By Breton, André; Matthews, J. H.; Breton, André
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Extra info for André Breton : sketch for an early portrait
18): Guillaume Apollinaire. "1 Pastoureau 33 34 André Breton intimates that on the eve of the 1914-18 war, André Breton was still devoted to poetry of a kind which he would spend his adult life ridiculing, that he was still intent on reaching poetry by concentrating on external aspects of the poetic text for which, before long, he would have nothing but contempt. Such an interpretation suggests that Breton found his way, as a poet, only by systematically revising propositions upon which his concept of poetic expression originally rested, as though he had grasped—largely thanks to Apollinaire, one may suppose—a formula of negation which would bring the poetic into clear view.
In an essay called "Idées d'un peintre" (on the ideas of the painter André Derain), reprinted in Les Pas perdus from Littérature, March 1921, Breton wrote, "Derain is not a subjectivist" (p. 109). He went on to report that Derain had declared himself incompetent to judge, when asked to give his opinion of one of Picabia's projects: gathering about twenty billiard balls in the corner of a pool table, then pushing them all out at once, before photographing and signing the result. How could Derain, laboring under the disadvantage isolated by Breton, have understood the latter's assessment of Picabia's proposal: "That is a magic operation, rather than a work of art" (pp.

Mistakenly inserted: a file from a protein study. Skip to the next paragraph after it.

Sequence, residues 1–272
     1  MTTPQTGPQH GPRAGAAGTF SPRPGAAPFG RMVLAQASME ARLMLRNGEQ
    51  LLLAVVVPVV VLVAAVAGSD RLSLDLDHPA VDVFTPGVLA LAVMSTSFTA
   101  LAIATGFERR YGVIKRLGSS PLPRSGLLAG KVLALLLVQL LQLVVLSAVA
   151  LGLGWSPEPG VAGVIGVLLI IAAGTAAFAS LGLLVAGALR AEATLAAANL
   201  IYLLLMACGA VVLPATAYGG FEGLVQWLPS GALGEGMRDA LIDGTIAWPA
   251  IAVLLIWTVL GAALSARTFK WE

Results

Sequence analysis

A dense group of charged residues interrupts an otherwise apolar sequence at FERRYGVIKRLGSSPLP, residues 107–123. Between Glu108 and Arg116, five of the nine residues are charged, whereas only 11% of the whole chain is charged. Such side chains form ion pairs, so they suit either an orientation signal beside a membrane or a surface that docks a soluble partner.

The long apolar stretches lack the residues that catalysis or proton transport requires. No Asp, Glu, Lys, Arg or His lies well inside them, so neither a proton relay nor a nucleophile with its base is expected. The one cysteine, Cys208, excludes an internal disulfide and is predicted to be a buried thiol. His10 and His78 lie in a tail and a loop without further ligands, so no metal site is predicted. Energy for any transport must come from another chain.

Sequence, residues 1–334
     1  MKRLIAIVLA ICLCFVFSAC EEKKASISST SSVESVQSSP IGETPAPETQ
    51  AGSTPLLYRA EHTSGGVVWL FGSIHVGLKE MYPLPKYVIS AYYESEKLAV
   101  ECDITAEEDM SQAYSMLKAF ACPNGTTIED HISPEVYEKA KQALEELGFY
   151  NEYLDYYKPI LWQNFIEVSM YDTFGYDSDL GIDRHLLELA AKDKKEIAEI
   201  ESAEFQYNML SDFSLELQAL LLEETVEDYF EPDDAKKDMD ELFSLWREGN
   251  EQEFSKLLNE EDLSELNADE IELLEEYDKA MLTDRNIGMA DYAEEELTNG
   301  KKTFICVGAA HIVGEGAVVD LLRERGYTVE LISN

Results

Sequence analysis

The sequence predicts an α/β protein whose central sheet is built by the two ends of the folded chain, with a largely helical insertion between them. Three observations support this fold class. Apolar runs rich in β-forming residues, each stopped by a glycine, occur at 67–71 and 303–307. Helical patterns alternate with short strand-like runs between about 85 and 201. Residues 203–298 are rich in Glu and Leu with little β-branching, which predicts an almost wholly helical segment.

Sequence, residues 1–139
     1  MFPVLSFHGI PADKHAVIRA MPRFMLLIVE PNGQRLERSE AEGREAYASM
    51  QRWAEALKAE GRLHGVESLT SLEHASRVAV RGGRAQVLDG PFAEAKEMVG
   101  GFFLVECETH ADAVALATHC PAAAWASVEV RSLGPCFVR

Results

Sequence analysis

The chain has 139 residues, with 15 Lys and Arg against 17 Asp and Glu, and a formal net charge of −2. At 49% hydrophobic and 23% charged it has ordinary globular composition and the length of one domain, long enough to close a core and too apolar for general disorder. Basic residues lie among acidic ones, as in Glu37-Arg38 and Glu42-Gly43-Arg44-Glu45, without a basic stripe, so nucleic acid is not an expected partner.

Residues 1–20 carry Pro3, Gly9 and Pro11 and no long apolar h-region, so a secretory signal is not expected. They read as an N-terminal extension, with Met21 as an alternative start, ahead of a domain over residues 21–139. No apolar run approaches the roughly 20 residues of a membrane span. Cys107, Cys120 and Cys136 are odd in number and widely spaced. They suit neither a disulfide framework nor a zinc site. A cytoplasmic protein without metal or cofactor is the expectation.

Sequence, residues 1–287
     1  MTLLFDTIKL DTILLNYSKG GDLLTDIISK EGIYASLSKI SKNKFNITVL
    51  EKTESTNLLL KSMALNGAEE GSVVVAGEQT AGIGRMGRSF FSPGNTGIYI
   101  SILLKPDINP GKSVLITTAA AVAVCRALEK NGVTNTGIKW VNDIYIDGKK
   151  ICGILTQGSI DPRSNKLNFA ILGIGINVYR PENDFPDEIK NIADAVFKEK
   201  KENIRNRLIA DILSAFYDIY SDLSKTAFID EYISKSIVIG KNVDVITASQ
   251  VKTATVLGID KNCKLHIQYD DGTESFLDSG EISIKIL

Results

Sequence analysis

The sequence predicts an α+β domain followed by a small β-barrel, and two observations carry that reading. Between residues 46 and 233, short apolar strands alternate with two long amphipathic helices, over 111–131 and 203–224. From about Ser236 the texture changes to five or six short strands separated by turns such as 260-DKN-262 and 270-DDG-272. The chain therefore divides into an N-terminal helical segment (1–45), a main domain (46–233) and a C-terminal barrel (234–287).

K. Huysmans, and Gustave Moreau, in Entretiens Breton remarked, "You cannot know how important it was to me to approach those who at that time continued this tradition" (p. 11). The first of the latter whom he came to know was Jean Royère, whose "superbly hermetic poetry" continued to impress him at the time he was interviewed on radio. Entretiens lists others—Vielé-Griffin, René Ghil, SaintPol-Roux, and Valéry—and then, by an odd process telescoping two years (it took Breton almost until the end of 1915 to begin corresponding with him), a "poetic figure of the very first rank" (p.
André Breton : sketch for an early portrait by Breton, André; Matthews, J. H.; Breton, André